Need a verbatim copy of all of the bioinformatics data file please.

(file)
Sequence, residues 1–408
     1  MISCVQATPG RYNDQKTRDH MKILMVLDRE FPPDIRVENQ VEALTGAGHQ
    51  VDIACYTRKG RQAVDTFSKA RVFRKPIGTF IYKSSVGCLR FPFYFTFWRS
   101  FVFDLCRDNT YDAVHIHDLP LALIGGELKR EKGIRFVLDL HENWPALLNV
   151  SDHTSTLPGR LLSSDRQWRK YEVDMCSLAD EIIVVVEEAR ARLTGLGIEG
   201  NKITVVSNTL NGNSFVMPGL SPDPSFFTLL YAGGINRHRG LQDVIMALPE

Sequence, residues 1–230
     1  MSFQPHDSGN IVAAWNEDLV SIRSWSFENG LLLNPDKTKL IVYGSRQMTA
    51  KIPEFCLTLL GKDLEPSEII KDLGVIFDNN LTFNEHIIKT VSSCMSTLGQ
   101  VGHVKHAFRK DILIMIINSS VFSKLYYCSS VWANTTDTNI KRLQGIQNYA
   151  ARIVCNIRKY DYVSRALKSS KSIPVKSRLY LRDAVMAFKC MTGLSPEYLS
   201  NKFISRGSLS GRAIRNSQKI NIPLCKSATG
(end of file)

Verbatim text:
Sequence, residues 1–408
     1  MISCVQATPG RYNDQKTRDH MKILMVLDRE FPPDIRVENQ VEALTGAGHQ
    51  VDIACYTRKG RQAVDTFSKA RVFRKPIGTF IYKSSVGCLR FPFYFTFWRS
   101  FVFDLCRDNT YDAVHIHDLP LALIGGELKR EKGIRFVLDL HENWPALLNV
   151  SDHTSTLPGR LLSSDRQWRK YEVDMCSLAD EIIVVVEEAR ARLTGLGIEG
   201  NKITVVSNTL NGNSFVMPGL SPDPSFFTLL YAGGINRHRG LQDVIMALPE

Sequence, residues 1–230
     1  MSFQPHDSGN IVAAWNEDLV SIRSWSFENG LLLNPDKTKL IVYGSRQMTA
    51  KIPEFCLTLL GKDLEPSEII KDLGVIFDNN LTFNEHIIKT VSSCMSTLGQ
   101  VGHVKHAFRK DILIMIINSS VFSKLYYCSS VWANTTDTNI KRLQGIQNYA
   151  ARIVCNIRKY DYVSRALKSS KSIPVKSRLY LRDAVMAFKC MTGLSPEYLS
   201  NKFISRGSLS GRAIRNSQKI NIPLCKSATG